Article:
Some of this “cruelty” was directed at Dr. Sergio Camacho-Lara, the former director of the United Nations Committee on the Peaceful Uses of Outer Space. “I, suddenly, and abruptly ask him to introduce himself. He obliges, I interrupt him, and gradually I add tactless items to the discussion,” she writes in her dissertation, of which the documentary was a part. “The interview reaches its crescendo. I stop Camacho, asking him more and more questions, violently interjecting that ‘his performance is not dynamic enough’ to the point of real discomfort” until he finally admits that “history will not forget” the UN’s lack of preparation for a potential asteroid impact.

“In order to trigger reactions and critical thinking, the Designer of Experiences proposes a violent, visceral and conflictual approach,” Ben Hayoun continues. “The designer becomes a figure that assumes multiple roles as a critique within the context of governmental and technological institutions. . . . It is therefore recommended to secure a role within the institution, but to acquire funding for the position from outside of the institution from independent, non-federal partners.”

When it came to the University of the Underground, it was precisely these non-federal partners that triggered the conflict at Sandberg, where Master’s courses are funded by the Dutch government, and a department officially termed the Dirty Art Department hints at the non-conformity of its graduates. “Of all the schools in the world to bring private funding into, the Sandberg is quite literally the worst one you could ever choose,” says Joseph Pleass, a University of the Underground graduate. Yet University of the Underground was not the first program Sandberg ran with an outside institution. Since 2011, the institute has welcomed two-year Temporary Programs, including one called Fashion Matters, which was supported by the denim brand G-Star RAW.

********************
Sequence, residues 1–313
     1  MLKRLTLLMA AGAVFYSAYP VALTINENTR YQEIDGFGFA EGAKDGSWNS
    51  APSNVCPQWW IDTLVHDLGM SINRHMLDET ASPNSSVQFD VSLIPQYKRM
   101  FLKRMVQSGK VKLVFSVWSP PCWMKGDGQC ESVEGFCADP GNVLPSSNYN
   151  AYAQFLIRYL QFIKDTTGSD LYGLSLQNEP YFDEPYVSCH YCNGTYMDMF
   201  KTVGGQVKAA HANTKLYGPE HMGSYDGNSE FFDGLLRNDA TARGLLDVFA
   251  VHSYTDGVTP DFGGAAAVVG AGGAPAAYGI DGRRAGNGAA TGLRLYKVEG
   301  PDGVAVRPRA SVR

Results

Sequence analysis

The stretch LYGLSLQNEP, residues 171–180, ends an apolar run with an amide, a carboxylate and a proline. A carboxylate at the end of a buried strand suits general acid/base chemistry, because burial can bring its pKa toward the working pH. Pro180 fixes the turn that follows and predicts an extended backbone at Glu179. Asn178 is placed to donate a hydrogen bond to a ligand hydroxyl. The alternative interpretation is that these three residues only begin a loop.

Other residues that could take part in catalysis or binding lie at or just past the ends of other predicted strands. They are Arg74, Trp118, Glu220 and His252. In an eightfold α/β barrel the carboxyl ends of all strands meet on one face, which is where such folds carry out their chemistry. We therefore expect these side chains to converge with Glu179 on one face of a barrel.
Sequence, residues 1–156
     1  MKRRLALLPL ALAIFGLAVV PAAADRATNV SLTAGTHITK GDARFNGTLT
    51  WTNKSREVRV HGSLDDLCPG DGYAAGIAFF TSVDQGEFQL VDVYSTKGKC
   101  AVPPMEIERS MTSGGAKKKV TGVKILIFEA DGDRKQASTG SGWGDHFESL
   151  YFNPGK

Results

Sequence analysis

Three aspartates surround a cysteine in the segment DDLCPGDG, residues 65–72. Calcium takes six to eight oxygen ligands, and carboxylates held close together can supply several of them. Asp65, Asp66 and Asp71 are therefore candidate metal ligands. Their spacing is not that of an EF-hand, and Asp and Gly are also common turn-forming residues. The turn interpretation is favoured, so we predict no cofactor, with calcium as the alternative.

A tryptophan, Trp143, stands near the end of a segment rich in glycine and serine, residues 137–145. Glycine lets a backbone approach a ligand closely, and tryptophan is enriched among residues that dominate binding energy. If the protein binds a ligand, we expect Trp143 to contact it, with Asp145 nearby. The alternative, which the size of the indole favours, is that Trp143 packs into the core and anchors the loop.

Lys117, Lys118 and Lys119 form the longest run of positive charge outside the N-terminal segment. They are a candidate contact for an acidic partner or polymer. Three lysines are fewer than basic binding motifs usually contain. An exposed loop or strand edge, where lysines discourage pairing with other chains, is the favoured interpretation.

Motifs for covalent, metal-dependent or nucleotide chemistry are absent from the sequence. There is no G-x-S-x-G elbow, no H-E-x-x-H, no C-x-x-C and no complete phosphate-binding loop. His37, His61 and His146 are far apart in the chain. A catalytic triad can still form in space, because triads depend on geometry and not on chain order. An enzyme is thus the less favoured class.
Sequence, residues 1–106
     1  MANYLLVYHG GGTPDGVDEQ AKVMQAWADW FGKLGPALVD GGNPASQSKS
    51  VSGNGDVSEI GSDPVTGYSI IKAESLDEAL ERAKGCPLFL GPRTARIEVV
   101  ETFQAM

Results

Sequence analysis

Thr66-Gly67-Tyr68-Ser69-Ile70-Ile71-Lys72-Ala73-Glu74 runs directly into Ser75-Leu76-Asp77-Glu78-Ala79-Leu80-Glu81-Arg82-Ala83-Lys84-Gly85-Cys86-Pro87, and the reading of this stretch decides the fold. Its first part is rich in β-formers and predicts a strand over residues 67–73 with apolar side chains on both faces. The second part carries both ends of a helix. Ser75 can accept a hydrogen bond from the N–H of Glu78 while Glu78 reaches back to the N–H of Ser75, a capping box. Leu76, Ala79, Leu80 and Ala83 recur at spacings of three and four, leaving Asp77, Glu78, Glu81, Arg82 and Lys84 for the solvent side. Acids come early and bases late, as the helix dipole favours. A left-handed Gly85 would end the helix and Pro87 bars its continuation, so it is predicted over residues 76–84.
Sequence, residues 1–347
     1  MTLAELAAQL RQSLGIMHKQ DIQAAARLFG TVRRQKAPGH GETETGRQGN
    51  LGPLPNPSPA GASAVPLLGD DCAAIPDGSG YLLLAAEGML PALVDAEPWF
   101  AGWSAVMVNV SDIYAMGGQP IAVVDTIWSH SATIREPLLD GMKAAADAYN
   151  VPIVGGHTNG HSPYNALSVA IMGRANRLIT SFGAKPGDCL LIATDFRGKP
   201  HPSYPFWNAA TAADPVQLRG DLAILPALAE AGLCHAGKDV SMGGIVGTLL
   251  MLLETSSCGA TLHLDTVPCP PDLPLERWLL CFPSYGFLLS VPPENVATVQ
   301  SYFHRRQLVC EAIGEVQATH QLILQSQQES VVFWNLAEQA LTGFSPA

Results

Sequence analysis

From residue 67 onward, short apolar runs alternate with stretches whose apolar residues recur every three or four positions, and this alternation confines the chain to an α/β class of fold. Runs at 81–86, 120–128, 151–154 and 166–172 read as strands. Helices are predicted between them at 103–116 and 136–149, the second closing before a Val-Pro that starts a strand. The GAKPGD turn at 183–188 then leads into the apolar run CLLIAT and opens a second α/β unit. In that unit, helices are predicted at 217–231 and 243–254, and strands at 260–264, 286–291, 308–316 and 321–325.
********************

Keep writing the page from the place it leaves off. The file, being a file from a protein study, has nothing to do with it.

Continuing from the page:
“I think mainly because it was Silicon Valley money, I think that’s kind of what pissed them off a bit because that’s the antithesis of what they’re going for at Sandberg . . . if it had been an arts fund, it would have been totally fine,” says Pleass. WeTransfer, a tech company based in the Netherlands, is listed among University of the Underground’s “friends and collaborators,” along with arts funds including the British Council, the British Film Institute, and MIT Press (Ed. note: The Baffler was distributed by MIT Press for several years).

“Of all the schools in the world to bring private funding into, the Sandberg is quite literally the worst one you could ever choose.”

When I interviewed Ben Hayoun this summer, Joi Ito was under fire at MIT, and the issue of Jeffrey Epstein’s money was being discussed among University of the Underground advisers. “I have [a] massive struggle personally saying that there is good money and there is bad money,” she told me. “If I was to receive money from a source that clearly is convicted of some law, then my focus would not be specifically on what people are saying about that specific person, but more about the system . . . and for me to figure out how that system can be challenged, and if it cannot be challenged, then possibly I will not be taking that money.”